WASHINGTON, DC: “Don’t push China.” Even as the Chinese and America’s Philippine allies engage in their latest standoff at sea over the disputed Scarborough Shoal, the message from an array of elder statesmen is that the U.S. needs to avoid any kind of confrontation with China — and the Obama Administration seems to be listening.
“We are often accused of this so-called pivot to the Pacific being all about China,” said the Vice-Chief of the Joint Staff, Adm. James Winnefeld on Wednesday morning, addressing the annual conference of the relentlessly centrist Center for Strategic and International Studies. But the US has many other interests in the region — most notably at the moment North Korea, but also the reform process in Myanmar (aka Burma) — where it and China have common ground. “It should be viewed not as containing China, it should be viewed as balancing China,” Winnefeld said of the new strategy. “I don’t think China should view this as a threat….We can all get along out there.”
That’s music to Singaporean ears, but the Filipinos aren’t so sure. “We all want to settle this dispute peacefully, but the question I have is how would this be settled peacefully if China refuses to abide by international law, which is the UN Convention on the Law of the Sea?” asked the Philippine ambassador to Washington, Jose Cuisia, rising from the audience at a CSIS forum later in the day on the oil-rich and much-disputed South China Sea. (Ironically, China has signed the Law of the Sea treaty, but the US has not).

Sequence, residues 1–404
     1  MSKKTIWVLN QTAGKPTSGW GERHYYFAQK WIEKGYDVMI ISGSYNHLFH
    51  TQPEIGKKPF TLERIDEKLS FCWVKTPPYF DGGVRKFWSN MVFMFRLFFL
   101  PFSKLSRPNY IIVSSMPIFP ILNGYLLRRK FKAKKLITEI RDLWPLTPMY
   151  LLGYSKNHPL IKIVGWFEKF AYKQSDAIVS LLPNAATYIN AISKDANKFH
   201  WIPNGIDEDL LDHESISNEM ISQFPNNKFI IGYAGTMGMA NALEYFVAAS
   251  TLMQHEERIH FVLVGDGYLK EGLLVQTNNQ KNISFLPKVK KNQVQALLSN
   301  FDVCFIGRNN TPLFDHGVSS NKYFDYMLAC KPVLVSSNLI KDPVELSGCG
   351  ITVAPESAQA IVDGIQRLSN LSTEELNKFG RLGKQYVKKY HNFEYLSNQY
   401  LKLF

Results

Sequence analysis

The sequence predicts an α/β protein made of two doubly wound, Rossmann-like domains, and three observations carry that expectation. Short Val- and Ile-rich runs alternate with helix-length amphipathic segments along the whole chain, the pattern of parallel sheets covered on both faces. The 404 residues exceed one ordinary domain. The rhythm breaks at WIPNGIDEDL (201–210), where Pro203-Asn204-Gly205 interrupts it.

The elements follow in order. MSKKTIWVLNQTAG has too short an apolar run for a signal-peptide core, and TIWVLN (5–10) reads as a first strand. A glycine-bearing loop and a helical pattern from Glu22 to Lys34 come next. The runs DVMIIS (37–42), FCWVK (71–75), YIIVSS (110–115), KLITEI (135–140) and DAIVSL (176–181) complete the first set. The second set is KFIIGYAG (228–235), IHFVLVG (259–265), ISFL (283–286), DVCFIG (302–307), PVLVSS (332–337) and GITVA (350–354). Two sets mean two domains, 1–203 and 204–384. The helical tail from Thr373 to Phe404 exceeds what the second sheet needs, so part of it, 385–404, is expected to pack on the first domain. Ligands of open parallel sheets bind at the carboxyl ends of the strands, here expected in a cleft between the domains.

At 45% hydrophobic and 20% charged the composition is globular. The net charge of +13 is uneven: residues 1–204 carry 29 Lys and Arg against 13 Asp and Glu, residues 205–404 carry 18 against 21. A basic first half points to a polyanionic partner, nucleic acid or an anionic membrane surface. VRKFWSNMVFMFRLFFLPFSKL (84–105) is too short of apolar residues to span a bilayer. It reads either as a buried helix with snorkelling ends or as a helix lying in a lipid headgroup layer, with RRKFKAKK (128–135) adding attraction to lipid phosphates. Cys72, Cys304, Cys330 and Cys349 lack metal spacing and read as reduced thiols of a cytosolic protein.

In the current confrontation, the Philippine Navy flagship Gregorio del Pilar (pictured) has attempted to arrest Chinese fisherman operating in the disputed waters of the Scarborough Shoal, only to be blocked by Chinese maritime surveillance vessels. While fishing rights are at stake today — themselves big business in the world’s most populous region — literally underneath that issue there lie oil reserves estimated to match those of Alaska and natural gas deposits possibly exceeding the Gulf of Mexico’s. The Philippines have even begun to auction lots in to energy companies for exploration, much to China’s ire. The waters in contention are much closer to the Philippine home islands — and for that matter to Vietnam, Malaysia, and Brunei, all of which have staked competing claims — than they are to the Chinese mainland, but Beijing claims the area’s barely habitable islets as Chinese soil and argues on that basis that almost the entire South China Sea is legally its exclusive offshore waters. Asked Amb. Cuisia, “How can you come to a peaceful resolution when you can’t even agree on a basis?”